Acknowledging everyone had some form of loss, both small and big during the pandemic. It must have been hard for Benjamin as well, especially having to halt the tour? “I wasn’t happy stopping, I had been forced to stop but in reality, it was kind of good for me. In the past, I had been afraid to talk about things on my records, because I wasn’t ready, and I was worried about alienating anybody. However, now I feel more comfortable sharing the things that interest me and it is a good time to talk about topics like politics.”

We spoke about how the process of his second album differed from his debut. “The circumstances under which I wrote the album, were very different as it was during the pandemic. So, the release of the album has been a lot different, because of the time that’s elapsed between the beginning of the pandemic, and now. A lot has changed, but I think the biggest difference is probably things on the album that I’ve decided to talk about because instead of looking inward, at myself, I was looking outward at the world. I was thinking a lot about what was happening around me. I was focused less on myself and more on what was going on in the world.”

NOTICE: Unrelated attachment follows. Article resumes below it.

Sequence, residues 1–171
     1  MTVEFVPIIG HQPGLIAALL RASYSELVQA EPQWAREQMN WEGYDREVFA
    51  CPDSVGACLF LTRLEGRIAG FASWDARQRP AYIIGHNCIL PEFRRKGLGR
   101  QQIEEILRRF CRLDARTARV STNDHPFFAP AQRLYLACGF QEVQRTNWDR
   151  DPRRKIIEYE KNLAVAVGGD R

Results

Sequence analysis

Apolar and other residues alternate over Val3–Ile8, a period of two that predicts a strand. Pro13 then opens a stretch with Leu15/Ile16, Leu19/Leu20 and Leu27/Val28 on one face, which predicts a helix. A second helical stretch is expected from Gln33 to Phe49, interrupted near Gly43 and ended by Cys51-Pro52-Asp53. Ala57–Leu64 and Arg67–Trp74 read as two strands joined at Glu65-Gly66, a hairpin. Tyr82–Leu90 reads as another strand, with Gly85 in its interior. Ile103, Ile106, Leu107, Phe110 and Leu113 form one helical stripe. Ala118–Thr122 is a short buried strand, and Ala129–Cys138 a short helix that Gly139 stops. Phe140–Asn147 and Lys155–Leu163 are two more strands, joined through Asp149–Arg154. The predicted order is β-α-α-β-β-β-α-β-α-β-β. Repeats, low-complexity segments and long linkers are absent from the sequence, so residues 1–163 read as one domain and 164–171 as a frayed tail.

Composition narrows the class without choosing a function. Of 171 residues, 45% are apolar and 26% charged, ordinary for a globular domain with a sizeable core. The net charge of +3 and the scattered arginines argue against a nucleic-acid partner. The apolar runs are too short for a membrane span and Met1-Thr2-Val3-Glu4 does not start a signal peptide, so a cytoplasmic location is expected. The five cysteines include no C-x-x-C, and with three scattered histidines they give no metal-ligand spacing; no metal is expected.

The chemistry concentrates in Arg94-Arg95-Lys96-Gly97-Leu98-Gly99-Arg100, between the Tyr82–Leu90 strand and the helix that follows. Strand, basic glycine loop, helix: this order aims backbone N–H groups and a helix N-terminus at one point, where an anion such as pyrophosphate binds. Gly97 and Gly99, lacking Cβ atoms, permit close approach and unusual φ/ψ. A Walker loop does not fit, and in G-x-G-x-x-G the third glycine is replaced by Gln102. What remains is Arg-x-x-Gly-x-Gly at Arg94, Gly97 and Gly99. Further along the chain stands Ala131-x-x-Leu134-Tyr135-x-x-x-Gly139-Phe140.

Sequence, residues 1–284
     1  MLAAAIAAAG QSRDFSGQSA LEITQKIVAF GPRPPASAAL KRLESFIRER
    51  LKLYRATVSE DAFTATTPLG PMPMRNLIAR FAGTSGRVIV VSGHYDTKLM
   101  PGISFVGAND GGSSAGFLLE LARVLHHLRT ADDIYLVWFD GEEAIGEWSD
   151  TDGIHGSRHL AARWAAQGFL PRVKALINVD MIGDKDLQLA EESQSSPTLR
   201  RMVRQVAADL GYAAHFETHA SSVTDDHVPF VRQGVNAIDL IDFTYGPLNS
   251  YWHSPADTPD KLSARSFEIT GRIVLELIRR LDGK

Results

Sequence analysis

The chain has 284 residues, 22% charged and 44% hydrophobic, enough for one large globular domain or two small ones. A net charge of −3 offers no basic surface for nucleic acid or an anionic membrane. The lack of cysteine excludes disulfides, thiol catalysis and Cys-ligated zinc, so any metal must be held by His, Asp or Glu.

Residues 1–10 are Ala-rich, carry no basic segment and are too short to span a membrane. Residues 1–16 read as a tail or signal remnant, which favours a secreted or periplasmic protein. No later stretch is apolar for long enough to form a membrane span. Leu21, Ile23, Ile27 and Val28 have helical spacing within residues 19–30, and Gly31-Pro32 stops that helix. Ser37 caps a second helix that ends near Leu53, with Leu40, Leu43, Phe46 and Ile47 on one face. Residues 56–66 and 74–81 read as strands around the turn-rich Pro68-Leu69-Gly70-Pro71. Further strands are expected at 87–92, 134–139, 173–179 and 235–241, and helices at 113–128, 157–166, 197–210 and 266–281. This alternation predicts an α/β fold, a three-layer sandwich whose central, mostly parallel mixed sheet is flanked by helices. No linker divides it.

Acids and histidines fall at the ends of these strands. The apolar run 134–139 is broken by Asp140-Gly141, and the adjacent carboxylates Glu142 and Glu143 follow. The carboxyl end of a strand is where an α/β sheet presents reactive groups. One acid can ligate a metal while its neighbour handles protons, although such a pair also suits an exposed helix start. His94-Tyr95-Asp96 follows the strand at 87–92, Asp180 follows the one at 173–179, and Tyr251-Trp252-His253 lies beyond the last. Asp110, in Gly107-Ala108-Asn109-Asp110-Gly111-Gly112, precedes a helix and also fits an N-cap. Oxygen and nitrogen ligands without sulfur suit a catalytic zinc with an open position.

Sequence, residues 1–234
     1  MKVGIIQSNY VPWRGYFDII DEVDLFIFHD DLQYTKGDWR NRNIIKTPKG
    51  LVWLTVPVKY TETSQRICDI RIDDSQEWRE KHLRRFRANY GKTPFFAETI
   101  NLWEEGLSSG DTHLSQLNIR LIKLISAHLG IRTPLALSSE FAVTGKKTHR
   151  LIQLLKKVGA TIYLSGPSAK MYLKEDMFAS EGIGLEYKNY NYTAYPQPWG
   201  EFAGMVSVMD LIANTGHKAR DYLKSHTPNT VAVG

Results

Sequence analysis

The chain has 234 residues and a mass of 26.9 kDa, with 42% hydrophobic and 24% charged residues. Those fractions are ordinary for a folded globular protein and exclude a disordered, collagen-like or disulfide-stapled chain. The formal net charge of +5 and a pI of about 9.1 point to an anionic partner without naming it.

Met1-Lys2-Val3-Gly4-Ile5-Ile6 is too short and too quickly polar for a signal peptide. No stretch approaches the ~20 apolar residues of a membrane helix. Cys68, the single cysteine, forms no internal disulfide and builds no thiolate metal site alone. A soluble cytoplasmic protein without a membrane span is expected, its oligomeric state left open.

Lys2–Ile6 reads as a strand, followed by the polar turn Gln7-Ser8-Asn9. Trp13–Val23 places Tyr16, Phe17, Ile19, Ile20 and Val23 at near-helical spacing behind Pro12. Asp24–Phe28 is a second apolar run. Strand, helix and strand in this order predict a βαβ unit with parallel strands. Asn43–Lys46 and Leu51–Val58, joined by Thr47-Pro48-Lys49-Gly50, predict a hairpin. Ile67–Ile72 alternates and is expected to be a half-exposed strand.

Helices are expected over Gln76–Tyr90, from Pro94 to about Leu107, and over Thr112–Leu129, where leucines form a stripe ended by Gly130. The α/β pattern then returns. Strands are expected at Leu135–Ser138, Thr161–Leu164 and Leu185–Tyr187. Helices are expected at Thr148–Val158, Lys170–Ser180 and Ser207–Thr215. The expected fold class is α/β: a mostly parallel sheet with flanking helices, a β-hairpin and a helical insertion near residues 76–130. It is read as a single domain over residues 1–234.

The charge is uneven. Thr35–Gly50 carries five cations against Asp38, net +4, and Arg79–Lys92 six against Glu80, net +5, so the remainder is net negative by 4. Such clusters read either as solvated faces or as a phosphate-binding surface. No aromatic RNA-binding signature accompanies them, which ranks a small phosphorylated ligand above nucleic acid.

I’d read he learned how to write songs in the UK, I wondered what it was about the UK that had ignited that process? “Well, I think that the singer-songwriter, culture is still alive and well in the UK. When I was younger, I was looking up my favourite records on Wikipedia to see who collaborated on them, so that I could try and get in touch with somebody who could maybe steer me in the right direction. I connected with a UK-based songwriter who responded to me, and then flew me out to London when I was sixteen. He mentored me and taught me how to write songs. Learning songwriting in the UK is totally different from the US. It was a great time for singer-songwriters in the UK, it was when Ed Sheeran and Adele’s popularity was escalating. I learned a lot from being there and when I got to LA it was so different; I found it very insular with most people producing beats on their laptops. I’ve always loved the UK, my mum went to college in England, she studied at York University, so we travelled a few times to York as well as to Wales, as her best friend lived there. I’ve learned so much from just being in the UK and working with English collaborators. There’s a songwriter who I’ve worked with on two of the songs on this album, and I wrote six songs with one guy named Sam Romans who’s also English, we did it via Zoom. I wanted to write a song about Nancy Pelosi, called ‘Nancy got a Haircut’. At the time, I was in a bad mood and I didn’t really want to do the session, but it was one of the ones I had that was on the books, and I didn’t want to cancel it. I was trying to give him a reason to jump so I could get off the phone, but he was adamant we do it and really enthusiastic and I thought I really like this guy and in the end, it turned out great.”